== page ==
FIG. 5 is a cross-sectional view of the light source 134 used in either of the embodiments described hereinabove. A light bulb 180 is mounted within a retaining plate 182 that is positioned in an opening at a first end 184 of the mounting housing 136. The light bulb 180 is electrically connected to the power source 120 (FIG. 3) via an electrical wire 189 that extends out of the mounting housing 136, through an opening in the bracket plug 122, and to the power source 120 positioned within the handlebars 102 or the bar end members 104.
The casing of the light bulb 180 is grounded to the retaining plate 182 in a well-known manner. The first end 184 of the mounting housing 136 is threaded and a lens cover 186 is threadably mounted on the first end 184 of the mounting housing 136. The lens cover 186 includes a focusing lens 188 and a curved reflector plate 190. The light bulb 180 is preferably positioned through an opening in the center of the reflector plate 190 and the reflector plate 190 is preferably configured so that the light produced by the light bulb 180 is directed through the focusing lens 188. The focusing lens 188 focuses the light into a beam which is projected in the direction that the light source 134 is facing.
Since the lens cover 186 is threadably engaged with the mounting housing 136, the lens cover 186 can be adjusted with respect to the light bulb 180. This allows the bicyclist to adjust the focal length of the beam produced by the light source 134. Hence, the bicyclist can adjust one of the light assemblies 106a, 106b to illuminate a smaller area more intensely and then adjust the other light source to illuminate a larger area with less intensity. It will be appreciated that the light source 134 used in the light assemblies 106a, 106b should provide light of sufficient intensity to adequately illuminate the area in the path of travel of the bicycle.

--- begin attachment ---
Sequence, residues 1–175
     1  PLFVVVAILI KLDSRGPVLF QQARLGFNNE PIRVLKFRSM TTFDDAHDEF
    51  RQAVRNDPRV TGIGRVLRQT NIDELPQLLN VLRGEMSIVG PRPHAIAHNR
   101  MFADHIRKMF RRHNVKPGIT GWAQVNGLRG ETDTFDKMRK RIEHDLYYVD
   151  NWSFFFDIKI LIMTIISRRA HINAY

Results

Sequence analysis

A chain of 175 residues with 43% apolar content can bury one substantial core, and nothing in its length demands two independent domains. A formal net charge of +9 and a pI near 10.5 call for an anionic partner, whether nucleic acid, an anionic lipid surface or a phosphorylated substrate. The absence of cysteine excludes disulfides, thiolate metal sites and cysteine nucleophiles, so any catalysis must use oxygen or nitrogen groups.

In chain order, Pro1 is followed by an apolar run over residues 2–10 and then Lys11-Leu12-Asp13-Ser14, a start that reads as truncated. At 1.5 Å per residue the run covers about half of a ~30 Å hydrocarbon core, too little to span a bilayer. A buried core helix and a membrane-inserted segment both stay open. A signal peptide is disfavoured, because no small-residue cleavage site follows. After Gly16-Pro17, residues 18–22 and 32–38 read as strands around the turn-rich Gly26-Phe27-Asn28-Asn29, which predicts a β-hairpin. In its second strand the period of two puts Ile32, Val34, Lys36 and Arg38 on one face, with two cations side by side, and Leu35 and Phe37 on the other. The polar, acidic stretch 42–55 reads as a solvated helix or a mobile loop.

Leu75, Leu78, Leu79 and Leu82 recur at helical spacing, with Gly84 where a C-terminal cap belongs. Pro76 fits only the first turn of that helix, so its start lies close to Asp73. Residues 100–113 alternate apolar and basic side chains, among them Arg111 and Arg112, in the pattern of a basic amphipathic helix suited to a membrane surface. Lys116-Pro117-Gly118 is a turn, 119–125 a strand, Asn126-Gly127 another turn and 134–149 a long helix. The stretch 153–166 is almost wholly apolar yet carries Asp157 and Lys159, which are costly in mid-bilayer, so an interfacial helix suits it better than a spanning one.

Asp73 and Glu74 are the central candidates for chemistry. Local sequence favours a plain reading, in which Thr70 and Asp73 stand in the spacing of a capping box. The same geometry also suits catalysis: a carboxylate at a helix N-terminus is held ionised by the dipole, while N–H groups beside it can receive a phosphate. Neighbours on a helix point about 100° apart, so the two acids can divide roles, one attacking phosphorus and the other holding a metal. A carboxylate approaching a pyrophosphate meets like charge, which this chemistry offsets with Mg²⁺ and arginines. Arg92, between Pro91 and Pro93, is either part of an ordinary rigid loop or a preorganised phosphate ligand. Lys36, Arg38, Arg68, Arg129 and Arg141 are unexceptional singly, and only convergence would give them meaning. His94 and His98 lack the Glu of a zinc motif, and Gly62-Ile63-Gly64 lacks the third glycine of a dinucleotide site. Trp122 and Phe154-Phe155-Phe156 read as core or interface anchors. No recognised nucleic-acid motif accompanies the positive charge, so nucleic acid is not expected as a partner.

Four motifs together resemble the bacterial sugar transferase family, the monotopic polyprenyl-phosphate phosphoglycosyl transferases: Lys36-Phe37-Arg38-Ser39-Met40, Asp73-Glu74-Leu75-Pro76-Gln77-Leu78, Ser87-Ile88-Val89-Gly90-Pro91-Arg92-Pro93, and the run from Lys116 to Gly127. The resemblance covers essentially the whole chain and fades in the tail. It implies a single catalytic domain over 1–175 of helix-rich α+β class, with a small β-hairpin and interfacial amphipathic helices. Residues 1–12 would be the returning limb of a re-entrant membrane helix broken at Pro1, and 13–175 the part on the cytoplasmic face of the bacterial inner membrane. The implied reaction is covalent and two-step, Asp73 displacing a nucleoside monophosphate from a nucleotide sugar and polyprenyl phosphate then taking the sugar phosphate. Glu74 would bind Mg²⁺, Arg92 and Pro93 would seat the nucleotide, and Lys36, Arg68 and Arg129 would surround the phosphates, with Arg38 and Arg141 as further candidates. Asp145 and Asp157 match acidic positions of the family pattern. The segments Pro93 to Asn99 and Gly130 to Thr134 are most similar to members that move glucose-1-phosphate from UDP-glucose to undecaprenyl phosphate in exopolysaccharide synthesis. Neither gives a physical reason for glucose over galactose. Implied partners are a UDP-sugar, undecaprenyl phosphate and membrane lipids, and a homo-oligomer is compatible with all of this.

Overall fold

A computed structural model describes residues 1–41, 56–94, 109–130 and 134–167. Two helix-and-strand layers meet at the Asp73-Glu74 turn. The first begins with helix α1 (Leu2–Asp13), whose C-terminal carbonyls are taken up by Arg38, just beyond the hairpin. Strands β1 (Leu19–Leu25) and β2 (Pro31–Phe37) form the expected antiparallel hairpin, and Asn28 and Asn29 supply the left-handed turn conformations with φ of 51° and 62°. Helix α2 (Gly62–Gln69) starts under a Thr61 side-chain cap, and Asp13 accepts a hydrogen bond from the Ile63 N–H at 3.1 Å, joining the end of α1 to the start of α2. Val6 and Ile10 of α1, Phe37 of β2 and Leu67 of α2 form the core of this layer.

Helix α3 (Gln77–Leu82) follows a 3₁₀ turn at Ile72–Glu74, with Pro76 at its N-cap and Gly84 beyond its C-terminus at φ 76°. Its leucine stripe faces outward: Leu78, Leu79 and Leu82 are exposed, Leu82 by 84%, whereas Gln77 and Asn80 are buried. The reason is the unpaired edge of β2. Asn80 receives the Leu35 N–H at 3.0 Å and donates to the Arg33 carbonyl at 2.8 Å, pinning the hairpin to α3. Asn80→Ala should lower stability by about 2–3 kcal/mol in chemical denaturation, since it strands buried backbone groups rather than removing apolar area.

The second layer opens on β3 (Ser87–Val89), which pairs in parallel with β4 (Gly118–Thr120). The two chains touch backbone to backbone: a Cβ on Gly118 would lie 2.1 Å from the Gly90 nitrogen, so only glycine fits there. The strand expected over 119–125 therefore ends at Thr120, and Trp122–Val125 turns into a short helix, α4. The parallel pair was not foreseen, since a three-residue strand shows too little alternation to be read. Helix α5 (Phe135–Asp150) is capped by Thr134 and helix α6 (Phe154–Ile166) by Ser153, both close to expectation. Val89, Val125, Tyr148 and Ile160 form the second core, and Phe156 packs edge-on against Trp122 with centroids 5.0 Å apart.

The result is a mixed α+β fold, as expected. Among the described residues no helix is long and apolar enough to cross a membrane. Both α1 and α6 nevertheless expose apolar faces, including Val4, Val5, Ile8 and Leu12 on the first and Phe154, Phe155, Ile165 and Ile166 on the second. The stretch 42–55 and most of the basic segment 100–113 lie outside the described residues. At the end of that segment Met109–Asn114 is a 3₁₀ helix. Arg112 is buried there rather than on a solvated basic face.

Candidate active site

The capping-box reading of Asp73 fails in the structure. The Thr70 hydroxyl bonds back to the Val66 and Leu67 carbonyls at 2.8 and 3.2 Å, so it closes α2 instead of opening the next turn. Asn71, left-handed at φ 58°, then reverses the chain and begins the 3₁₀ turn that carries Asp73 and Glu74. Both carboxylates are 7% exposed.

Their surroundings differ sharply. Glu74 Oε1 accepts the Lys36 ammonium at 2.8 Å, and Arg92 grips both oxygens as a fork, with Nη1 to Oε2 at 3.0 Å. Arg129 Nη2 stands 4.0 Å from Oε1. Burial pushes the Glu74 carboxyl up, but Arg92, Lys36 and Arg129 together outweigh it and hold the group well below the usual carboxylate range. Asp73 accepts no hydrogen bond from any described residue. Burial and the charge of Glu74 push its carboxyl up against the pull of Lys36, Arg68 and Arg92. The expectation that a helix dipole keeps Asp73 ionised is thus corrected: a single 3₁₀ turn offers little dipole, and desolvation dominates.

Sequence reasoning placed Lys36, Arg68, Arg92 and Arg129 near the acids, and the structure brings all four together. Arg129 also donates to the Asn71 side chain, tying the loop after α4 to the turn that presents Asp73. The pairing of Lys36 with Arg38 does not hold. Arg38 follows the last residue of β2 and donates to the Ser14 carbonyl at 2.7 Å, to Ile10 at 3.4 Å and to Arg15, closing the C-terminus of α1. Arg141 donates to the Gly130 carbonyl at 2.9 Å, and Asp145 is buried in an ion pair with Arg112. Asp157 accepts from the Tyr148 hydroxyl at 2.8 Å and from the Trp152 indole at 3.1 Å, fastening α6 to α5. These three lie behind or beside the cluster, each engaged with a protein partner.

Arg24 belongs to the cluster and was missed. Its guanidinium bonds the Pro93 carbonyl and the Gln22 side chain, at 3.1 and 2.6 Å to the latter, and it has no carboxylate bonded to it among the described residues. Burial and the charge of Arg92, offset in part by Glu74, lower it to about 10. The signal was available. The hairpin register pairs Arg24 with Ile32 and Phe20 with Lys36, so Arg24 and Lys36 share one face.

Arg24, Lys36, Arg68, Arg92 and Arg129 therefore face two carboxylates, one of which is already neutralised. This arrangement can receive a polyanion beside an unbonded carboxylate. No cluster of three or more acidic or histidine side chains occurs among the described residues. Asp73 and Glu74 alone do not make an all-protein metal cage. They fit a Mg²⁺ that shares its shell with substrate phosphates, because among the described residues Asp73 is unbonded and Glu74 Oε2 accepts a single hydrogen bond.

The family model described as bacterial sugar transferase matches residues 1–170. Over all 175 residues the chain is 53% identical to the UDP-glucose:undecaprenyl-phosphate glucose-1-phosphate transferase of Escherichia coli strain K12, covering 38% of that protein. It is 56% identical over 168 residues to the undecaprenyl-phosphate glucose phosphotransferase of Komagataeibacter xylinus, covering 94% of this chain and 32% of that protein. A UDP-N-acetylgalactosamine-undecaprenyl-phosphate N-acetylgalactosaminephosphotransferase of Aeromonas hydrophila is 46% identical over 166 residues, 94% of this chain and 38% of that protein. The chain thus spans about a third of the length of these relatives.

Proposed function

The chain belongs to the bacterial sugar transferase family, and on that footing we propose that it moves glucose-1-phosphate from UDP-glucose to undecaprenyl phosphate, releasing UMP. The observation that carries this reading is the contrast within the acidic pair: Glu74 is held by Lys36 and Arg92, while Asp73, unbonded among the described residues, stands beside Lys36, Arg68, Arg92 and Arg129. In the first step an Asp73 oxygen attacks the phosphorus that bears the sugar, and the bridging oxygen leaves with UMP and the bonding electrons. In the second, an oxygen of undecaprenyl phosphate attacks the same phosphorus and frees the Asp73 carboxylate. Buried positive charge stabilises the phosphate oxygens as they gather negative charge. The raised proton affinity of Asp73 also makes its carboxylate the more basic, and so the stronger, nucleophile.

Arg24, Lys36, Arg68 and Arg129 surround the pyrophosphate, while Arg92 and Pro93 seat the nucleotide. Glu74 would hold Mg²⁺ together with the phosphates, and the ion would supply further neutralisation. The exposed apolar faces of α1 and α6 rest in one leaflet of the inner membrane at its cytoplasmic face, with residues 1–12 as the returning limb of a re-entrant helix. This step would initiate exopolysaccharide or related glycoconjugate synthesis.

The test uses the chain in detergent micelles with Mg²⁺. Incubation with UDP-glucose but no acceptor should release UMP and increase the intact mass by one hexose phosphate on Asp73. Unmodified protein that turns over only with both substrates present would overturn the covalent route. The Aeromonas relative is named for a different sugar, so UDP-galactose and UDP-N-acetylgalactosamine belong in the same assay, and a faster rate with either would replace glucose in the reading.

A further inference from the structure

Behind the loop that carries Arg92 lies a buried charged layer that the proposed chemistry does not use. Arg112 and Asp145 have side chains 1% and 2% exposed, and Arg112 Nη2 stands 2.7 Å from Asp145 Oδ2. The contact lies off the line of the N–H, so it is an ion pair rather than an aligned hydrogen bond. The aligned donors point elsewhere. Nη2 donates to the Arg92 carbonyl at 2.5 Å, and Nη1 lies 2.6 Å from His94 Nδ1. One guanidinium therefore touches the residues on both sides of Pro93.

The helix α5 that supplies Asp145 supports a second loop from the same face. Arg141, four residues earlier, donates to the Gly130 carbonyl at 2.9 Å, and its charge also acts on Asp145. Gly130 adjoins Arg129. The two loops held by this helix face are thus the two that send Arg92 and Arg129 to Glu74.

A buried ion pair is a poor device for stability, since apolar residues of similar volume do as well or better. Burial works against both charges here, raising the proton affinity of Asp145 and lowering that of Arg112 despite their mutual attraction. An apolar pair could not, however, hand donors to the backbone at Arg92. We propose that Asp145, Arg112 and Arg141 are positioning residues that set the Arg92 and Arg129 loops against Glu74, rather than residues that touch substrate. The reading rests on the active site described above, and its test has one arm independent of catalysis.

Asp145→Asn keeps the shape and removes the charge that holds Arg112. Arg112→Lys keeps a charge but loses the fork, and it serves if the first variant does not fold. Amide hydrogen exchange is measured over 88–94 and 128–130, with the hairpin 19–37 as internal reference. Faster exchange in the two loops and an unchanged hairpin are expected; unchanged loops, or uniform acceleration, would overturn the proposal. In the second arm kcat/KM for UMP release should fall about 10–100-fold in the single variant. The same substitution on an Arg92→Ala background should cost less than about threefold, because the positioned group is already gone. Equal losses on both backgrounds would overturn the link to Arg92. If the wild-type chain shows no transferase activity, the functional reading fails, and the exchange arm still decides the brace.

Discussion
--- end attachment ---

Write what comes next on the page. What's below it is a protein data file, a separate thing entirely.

In the preferred embodiment, flashlights using double AA batteries, such as those manufactured by Mag Lite Corporation, have been adapted to be used in the abovedescribed configuration. It will be appreciated, however, that any other light source having a light bulb with an appropriate intensity, can also be used without departing from the scope of the present invention.
Hence, since the power source 120 of the preferred embodiments of the light assembly 106 described above is positioned within the handlebars 102 or the bar end members 104, the profile of the light assembly 106 is substantially reduced when compared to the profile of prior art bicycle lamps. This results in a more streamlined appearance of the light assemblies which is generally more aesthetically pleasing than the large, bulky bicycle lamps of the prior art. In the preferred embodiment, the mounting housing and the lens housing have a diameter substantially the same as the diameter of the handlebars to accentuate this streamlined appearance.
Further, the light assemblies can be positioned at either end of the handlebars or at the ends of two separate bar end members and are independently adjustable about two axes. This provides greater light for the bicyclist and it also allows the bicyclist to selectively illuminate two separate areas along the path of travel of the bicycle as opposed to just one area along the path of travel of the bicycle.
Although the foregoing description of the preferred embodiment of the present invention has shown, described and pointed out the fundamental novel features of the invention, it will be understood that various omissions, substitutions, and changes in the form of the detail of the apparatus as illustrated, as well as the uses thereof, may be made by those skilled in the art, without departing from the spirit of the present invention. Consequently, the scope of the invention should not be limited to the foregoing discussion, but should be defined by the appended claims.
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|U.S. Classification||362/474, 74/551.1, 362/475, 74/551.8, 362/187, 280/288.4|
|International Classification||B62J6/00, B60D1/64|
|Cooperative Classification||Y10T74/20822, B62J6/00, Y10T74/2078|
|Jun 27, 2000||REMI||Maintenance fee reminder mailed|
|Dec 4, 2000||SULP||Surcharge for late payment|
|Dec 4, 2000||FPAY||Fee payment|
Year of fee payment: 4
|Jun 23, 2004||REMI||Maintenance fee reminder mailed|
|Dec 3, 2004||LAPS||Lapse for failure to pay maintenance fees|
|Feb 1, 2005||FP||Expired due to failure to pay maintenance fee|
Effective date: 20041203